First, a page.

It isn’t exactly your traditional classical music event. To get in, you pass through a crowd of high-culture groupies buying up running shorts, mugs, sweat shirts and, of course, T-shirts—all emblazoned with a few bars of Mozart. Then you pay an average of $11, about half of what you’d expect to pay at a proper concert in the same hall. When you take your seat, you find that only a square minority turns up wearing suits and ties. And beginning this season, you’re confronted with the energetic podium presence of Gerard Schwarz, 35, who, according to one member of the orchestra, “is the all-American conductor—more like a baseball coach than a stuck-up maestro.”
So it goes with the “Mostly Mozart” festival, the most popular indoor hot-weather music series in the U.S. and, 17 years after its birth, an institution in its own right. It opened earlier this month for a seven-week run at Lincoln Center’s Avery Fisher Hall in Manhattan, with such noted soloists as Yo-Yo Ma and Jean-Pierre Rampal. A 95-percent-of-capacity attendance figure has become standard for the festival. And it has been franchised in San Francisco, with more cities on the way.
When the idea was launched back in the rock-roiled summer of 1966, founder William Lockwood determined that “we had to get kooky. I wanted to do the same kind of things that the rock industry did.” So out came the Mozart memorabilia and music programming that was keyed to the works of the composer Schwarz calls “the only classical superstar no one could possibly denigrate.”
The challenge to conductor Schwarz was to freshen up the popular format, which critics complain has become stale over the years. To the “Mostly Mozart, Barely Bach…” programming he has added J.C. Bach (J.S. Bach’s youngest son and a major influence on the young Mozart), plus Tchaikovsky, Richard Strauss and Mendelssohn.
It’s a task the young conductor’s been prepping for since the age of 25, when he was co-principal trumpet for the New York Philharmonic and was being praised by the New York Times for his “unfaltering lips and the lungs of a blimp.” That combination made him one of the most celebrated trumpet players in the world. But that wasn’t enough. Undaunted by the classical establishment’s bias in favor of European, or at least European-trained, conductors, Schwarz says he “just hung in there and kept on fighting.” In 1976 he quit his trumpet chair with the Philharmonic to form and lead Manhattan’s Y Chamber Symphony. Then he took charge of several increasingly important groups, including the Los Angeles Chamber Orchestra in 1978. Now there are five different orchestras under his baton on a regular basis. Says Robert Mann, founder of the Juilliard String Quartet: “Almost no other musician has moved so fast and so well from superior instrumentalist to superlative conductor.”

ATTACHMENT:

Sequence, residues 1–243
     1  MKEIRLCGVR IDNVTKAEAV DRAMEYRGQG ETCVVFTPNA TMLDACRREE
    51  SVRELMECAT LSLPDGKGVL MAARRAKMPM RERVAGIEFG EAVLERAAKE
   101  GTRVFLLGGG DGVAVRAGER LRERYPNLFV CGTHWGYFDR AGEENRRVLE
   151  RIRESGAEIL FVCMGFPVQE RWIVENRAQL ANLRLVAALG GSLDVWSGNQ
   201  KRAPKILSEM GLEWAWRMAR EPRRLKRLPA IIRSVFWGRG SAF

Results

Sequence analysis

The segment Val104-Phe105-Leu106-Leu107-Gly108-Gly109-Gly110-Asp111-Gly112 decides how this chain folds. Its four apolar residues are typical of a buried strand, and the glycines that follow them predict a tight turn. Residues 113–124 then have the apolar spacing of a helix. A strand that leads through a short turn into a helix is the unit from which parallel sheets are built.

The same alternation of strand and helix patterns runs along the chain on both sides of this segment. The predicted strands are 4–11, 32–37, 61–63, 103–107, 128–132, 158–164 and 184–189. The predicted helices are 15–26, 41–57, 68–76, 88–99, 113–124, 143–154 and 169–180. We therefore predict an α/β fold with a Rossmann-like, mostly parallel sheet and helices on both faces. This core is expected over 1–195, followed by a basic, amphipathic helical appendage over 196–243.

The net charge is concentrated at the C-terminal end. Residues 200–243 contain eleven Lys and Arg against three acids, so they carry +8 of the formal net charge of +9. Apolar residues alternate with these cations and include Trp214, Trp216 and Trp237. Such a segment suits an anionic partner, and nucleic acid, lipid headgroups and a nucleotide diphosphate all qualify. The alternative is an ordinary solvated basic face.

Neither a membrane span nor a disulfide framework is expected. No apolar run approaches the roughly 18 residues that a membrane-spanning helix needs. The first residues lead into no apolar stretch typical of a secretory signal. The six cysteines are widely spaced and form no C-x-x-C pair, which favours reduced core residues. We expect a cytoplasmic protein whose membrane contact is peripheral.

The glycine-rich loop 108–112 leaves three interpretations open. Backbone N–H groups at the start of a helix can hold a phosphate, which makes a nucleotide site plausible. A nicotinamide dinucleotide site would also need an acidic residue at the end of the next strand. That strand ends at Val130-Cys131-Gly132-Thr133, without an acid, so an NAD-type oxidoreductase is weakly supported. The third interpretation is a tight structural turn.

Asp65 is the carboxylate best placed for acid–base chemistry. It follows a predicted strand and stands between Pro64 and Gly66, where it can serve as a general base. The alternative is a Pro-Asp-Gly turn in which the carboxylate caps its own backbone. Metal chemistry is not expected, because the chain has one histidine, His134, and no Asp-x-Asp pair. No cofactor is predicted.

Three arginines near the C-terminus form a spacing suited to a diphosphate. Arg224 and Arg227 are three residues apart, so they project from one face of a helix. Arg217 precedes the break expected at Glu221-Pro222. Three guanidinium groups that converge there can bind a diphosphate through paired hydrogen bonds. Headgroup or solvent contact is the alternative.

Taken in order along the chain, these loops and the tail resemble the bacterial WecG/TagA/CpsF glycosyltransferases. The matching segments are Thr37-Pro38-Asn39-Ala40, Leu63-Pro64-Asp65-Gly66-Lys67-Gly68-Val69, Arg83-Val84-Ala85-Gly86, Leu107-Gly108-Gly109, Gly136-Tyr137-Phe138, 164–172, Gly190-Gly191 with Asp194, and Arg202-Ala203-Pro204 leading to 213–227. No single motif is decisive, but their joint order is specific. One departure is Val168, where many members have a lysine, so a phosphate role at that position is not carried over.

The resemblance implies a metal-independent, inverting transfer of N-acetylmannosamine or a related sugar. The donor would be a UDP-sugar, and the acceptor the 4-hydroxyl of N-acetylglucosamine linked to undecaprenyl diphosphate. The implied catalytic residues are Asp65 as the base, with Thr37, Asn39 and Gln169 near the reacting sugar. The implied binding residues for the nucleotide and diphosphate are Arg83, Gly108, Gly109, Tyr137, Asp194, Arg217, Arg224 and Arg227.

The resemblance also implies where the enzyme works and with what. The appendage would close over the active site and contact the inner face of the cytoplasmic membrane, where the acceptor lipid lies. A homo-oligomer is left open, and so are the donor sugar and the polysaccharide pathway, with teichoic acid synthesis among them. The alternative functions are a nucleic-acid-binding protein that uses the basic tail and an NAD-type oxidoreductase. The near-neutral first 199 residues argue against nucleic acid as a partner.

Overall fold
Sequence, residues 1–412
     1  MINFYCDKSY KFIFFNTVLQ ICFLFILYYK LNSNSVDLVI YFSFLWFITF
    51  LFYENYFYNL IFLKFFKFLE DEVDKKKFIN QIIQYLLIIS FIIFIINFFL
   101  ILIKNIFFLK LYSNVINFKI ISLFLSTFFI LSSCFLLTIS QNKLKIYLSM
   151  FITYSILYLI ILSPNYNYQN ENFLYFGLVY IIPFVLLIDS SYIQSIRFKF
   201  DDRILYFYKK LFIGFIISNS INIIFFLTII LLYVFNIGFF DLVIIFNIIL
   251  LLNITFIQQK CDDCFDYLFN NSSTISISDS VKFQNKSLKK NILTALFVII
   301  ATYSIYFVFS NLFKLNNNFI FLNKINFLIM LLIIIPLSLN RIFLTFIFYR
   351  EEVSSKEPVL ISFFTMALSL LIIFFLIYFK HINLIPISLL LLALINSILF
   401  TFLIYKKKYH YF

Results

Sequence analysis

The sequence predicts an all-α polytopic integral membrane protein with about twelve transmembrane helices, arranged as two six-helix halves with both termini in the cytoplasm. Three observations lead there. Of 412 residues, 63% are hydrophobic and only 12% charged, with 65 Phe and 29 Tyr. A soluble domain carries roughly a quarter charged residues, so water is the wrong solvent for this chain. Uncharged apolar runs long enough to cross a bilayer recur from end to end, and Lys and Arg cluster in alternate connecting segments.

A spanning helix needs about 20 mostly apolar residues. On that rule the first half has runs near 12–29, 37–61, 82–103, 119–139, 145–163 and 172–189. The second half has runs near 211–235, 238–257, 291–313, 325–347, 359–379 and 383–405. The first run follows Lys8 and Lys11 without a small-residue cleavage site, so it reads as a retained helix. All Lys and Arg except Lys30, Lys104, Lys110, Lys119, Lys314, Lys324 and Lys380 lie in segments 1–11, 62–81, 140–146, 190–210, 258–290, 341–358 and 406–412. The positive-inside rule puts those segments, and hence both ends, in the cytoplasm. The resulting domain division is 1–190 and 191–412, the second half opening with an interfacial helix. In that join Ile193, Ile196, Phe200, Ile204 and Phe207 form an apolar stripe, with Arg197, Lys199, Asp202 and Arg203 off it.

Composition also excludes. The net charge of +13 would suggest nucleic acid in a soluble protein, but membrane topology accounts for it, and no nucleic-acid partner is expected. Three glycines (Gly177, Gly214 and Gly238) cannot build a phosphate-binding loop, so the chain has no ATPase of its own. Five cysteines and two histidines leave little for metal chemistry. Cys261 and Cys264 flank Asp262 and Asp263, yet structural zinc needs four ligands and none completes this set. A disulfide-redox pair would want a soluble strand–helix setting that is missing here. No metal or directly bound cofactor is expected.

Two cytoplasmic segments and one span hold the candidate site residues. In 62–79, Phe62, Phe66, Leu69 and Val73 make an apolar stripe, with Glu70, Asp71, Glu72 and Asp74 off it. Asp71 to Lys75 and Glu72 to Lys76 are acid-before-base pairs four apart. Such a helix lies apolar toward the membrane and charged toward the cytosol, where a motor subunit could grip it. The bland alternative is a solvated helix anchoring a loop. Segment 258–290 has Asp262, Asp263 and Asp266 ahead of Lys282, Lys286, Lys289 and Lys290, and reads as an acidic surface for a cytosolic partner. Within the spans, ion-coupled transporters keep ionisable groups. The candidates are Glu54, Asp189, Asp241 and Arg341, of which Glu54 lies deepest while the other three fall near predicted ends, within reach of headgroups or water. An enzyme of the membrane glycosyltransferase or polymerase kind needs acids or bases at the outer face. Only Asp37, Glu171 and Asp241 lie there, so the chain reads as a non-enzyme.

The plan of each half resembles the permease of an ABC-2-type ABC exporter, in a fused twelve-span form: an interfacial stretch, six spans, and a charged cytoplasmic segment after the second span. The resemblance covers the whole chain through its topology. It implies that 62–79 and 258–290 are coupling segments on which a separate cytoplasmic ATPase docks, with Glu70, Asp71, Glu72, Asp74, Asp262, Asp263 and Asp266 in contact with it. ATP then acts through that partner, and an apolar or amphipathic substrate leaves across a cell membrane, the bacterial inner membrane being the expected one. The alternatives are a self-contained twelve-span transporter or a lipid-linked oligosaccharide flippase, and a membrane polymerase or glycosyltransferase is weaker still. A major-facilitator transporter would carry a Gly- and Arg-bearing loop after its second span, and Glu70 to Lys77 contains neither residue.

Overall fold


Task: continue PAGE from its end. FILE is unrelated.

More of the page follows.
Things aren’t quite so successful at home. Last May Schwarz’s second marriage—to modern dancer Lillo Way—ended in divorce, leaving Schwarz a part-time daddy to his kids, Alysandra, 9, and Daniel, 6.
Schwarz’s own parents, still happily together, are his most ardent fans. Like Mozart, both are Austrian by birth, though Gerard was born and raised in Weehawken, N.J. His mother, a psychiatrist and operaphile, listened for hours on end to Mozart operas when she was pregnant with Gerard. While both his paternal grandfather and father were M.D.s too, his mother insists that “somehow I knew this child was going to be a conductor of Mozart.” Cracks Gerard: “That’s funny. Being Jewish, I could have sworn I was a born brain surgeon.”